This school’s EEs and ECEs have, for many years, been sought after by most all power companies–as well as the most sophisticated of semiconductor firms–world-wide.

      I don’t know of ANY major- (or minor-, for that matter) engineering school which offers a degree in “ElecTRONICS Engineering, but PLENTY of technical schools–which turn out electronics technicians–which offer a diploma–or certificate–in ElecTRONICS TECHNOLOGY.

      A case of Electrical Engineering Envy here, perhaps?

      {a very big “p.s.”–do not, under any set of circumstances, confuse being a ‘programmer’, or ‘coder’ with being a degreed “Computer Engineer”. An ECE can be one of the other two. Being one of the latter two, only, does NOT–by any stretch of the imagination or amount of wishful thinking–put one in the first category}

      1. My alma mater, Ga Tech, did a similar thing after I graduated. It is now the School of Electrical and Computer Engineering (ECE). I’m not sure the exact degree name these days, but when I was there as an EE, the formal name of the Bachelors degree was BEE, not BSEE. The school’s director told me one day, the terminology was confusing to people in industry. BEE is the name of a degree often given by two-year technical training schools, and BSEE was the norm for four-year university programs. He said that he answered countless inquiries over the years from employers asking “I’ve got a resume from someone claiming to have a BEE from Ga Tech. What kind of wonky degree is that? Are they trying to trick us?”.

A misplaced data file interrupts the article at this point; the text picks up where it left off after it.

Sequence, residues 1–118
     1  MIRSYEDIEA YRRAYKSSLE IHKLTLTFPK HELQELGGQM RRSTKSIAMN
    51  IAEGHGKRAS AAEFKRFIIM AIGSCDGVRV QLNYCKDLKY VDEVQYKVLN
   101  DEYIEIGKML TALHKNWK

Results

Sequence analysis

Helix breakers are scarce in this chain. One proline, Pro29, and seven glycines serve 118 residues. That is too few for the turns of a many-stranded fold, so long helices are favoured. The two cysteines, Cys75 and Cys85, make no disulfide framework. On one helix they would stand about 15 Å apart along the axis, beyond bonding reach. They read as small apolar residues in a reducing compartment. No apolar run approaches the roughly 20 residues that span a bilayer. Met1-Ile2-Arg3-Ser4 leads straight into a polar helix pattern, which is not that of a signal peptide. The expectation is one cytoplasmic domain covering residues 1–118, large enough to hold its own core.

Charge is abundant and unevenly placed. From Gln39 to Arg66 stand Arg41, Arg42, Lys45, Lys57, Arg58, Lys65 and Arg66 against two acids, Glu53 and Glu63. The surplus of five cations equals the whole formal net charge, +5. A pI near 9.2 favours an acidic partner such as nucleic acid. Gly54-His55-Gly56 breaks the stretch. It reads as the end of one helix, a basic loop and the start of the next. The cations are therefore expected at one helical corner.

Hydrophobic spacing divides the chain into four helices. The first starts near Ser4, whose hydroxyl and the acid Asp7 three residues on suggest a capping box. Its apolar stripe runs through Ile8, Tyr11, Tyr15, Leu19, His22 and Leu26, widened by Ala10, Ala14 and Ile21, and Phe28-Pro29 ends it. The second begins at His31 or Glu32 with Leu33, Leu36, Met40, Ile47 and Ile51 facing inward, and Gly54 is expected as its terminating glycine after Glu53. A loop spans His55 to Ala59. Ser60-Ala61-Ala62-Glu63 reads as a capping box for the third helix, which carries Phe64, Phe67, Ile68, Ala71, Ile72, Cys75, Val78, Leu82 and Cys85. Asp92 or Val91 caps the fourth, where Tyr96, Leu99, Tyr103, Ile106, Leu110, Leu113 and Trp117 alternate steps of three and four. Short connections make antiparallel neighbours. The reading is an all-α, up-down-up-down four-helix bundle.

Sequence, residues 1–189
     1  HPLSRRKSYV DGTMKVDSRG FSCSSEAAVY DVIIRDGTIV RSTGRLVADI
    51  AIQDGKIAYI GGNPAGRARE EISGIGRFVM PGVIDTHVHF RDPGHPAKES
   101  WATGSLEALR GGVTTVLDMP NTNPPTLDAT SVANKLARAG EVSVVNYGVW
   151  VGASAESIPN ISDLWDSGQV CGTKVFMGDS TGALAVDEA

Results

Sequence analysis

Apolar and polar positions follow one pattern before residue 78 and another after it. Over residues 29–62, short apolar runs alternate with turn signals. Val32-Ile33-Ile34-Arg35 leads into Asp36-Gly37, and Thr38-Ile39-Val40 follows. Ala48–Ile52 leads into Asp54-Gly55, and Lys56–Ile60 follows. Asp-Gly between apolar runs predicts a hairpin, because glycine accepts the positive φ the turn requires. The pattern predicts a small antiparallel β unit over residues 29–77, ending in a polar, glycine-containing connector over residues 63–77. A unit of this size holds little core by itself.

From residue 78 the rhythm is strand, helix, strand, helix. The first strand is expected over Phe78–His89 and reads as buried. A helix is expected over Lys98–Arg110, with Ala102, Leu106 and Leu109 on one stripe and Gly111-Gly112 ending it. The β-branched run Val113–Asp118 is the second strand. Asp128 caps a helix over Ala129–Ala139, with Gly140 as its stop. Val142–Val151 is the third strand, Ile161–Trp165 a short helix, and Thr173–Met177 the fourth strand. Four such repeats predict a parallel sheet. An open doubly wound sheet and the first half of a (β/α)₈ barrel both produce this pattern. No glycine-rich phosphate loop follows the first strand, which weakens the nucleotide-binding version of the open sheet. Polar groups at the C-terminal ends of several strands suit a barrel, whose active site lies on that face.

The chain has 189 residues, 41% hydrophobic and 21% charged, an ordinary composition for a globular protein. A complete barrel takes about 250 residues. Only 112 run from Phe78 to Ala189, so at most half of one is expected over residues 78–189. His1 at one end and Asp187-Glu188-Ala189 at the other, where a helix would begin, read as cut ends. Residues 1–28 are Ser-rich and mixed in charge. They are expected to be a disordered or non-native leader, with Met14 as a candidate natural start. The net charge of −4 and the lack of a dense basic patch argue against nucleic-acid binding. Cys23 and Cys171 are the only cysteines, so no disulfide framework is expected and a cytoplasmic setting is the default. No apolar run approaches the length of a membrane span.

4. HAHAHAHAHAHAHA. Pro tip: the internet extends past just the 1 country / language / conventions / set of spelling / way of pronouncing the word “aluminium”. If you understand what you are reading, that’s all you need.

      1. Well if you want to go there, look at the UK. Does your garden actually have a garden in it or is it just a back yard? Or when they go on Holiday, is it a country wide observed holiday or just one person going on vacation. :P

    1. Ren, I got the same vibe from the video, too. But I think that any project team looking to launch a successful Kickstarter campaign will likely get roped into making one of these professional style “pitch” videos. I suggest that you can’t judge the project by its video these days. I try to overlook any cringe-worthy videos and focus on the item and team members themselves.

  1. I don’t know… If you *need* a reference card for foot print sizes or formulas, you don’t know the subject by heart. :P
    I have PCB or just a laminated cardboard with sample components for each of them from vendors already.

    It’s boring to see footprints as it doesn’t tell me how well you can do the actual circuit design. The places I have worked for have a PCB CAD person looking after the routing and layout, deal with the manufacturing side of things.

    I have seen a lot of those business card post here. Let’s say they can also expose your mistakes.